Men who develop diabetes in middle age are at significantly increased risk of developing Alzheimer's disease later in life, according to a long-term study published Wednesday.
The study involved 2,269 men in Sweden who underwent testing at age 50 for diabetes, a disease caused by abnormal insulin levels.
During a follow-up period averaging 32 years, 102 of the participants were diagnosed with Alzheimer's, 57 with vascular dementia, and 235 with other forms of dementia or cognitive impairment.
The authors, writing in the medical journal Neurology, concluded that the men with low insulin levels at age 50 were nearly 1.5 times more likely to develop Alzheimer's than people without insulin problems, and that the risk remained significant regardless of blood pressure, body mass index and education level.
The findings "have important public health implications given the increasing numbers of people developing diabetes and the need for more powerful interventions," said study author Elina Ronnemaa of Sweden's Uppsala University.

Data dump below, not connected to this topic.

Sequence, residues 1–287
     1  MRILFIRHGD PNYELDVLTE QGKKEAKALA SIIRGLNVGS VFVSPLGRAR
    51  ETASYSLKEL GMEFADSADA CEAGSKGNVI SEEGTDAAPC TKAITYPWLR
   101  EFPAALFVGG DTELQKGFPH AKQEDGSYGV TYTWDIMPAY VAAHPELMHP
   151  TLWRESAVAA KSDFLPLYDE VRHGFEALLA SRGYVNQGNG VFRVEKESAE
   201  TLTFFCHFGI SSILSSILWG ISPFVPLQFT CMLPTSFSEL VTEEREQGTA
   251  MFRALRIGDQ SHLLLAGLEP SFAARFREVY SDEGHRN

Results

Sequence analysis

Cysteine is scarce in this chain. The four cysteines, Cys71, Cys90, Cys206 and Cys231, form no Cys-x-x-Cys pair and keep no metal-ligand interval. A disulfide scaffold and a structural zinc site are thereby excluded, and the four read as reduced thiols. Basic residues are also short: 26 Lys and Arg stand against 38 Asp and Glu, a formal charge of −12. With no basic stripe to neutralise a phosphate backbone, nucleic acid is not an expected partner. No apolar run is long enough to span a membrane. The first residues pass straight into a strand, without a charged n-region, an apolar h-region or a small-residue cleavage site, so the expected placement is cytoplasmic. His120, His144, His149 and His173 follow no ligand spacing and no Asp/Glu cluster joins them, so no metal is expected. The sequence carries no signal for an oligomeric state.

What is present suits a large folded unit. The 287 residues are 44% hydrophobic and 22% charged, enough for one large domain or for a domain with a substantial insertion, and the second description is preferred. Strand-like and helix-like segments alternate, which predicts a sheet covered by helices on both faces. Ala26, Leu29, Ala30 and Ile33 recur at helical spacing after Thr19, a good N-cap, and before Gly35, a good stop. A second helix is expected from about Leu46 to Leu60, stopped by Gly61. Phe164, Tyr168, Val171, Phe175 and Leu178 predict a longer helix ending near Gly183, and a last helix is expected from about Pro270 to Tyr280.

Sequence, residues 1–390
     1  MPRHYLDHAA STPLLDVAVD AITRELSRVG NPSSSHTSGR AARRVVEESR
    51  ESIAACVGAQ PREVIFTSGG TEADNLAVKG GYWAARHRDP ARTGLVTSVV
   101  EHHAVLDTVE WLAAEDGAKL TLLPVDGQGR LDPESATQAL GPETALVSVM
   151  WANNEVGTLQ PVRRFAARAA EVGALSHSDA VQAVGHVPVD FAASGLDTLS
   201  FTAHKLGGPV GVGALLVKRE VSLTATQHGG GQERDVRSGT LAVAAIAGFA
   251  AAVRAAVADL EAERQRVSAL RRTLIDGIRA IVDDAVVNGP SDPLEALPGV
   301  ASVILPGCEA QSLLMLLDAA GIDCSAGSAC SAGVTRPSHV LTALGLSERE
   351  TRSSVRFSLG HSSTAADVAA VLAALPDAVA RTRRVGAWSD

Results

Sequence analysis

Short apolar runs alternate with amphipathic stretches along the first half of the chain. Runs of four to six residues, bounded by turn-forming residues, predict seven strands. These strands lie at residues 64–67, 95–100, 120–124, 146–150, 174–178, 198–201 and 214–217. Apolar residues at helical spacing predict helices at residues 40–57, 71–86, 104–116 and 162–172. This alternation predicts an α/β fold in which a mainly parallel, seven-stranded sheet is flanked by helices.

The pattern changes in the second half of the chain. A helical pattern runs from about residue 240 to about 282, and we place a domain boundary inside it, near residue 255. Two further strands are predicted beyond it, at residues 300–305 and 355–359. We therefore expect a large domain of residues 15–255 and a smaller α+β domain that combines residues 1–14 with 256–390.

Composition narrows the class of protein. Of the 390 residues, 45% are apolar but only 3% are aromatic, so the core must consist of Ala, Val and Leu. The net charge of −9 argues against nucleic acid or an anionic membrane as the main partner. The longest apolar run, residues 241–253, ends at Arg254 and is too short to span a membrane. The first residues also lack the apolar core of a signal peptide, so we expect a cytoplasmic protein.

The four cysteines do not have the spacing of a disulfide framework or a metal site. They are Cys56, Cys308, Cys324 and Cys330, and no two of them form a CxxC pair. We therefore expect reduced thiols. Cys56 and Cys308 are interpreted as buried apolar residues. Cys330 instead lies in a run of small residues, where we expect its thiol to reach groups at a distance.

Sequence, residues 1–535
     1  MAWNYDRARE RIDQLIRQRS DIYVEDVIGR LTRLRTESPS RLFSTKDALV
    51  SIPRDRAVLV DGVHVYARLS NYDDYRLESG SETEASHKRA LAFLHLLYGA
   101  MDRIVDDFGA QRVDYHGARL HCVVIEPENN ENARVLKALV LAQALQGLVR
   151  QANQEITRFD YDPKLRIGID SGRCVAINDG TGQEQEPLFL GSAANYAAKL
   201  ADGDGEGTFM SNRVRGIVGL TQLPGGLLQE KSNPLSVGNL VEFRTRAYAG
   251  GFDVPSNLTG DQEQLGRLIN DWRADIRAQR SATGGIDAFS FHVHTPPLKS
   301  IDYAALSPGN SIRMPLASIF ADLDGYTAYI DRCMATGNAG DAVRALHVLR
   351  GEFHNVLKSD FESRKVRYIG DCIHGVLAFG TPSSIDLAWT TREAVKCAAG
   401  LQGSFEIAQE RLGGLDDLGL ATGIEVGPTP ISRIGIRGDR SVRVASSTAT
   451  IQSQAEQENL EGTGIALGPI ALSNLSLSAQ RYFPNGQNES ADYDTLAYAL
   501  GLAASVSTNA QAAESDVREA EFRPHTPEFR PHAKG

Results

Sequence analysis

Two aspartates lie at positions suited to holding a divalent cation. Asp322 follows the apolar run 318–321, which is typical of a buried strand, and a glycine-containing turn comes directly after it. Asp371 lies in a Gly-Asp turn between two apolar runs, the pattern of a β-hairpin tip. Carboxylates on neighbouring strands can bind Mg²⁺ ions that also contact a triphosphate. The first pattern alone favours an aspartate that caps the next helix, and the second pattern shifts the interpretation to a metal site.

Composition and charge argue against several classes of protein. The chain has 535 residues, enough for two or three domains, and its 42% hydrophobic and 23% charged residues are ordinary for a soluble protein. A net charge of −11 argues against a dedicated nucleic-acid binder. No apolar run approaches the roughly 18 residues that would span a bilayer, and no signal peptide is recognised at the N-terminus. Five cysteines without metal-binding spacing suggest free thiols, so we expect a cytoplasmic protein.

"It's possible that insulin problems damage blood vessels in the brain, which leads to memory problems and Alzheimer's disease, but more research is needed to identify the exact mechanisms."
The study also found that the link between diabetes and Alzheimer risk was strongest in people who did not have the APOE4 gene, which is known to increase risk of Alzheimer's disease.
Ronnemaa said such a link shows that insulin problems are a key risk factor for Alzheimer's when the APOE4 risk gene is missing.
Alzheimer's is a progressive and fatal brain disease striking the elderly.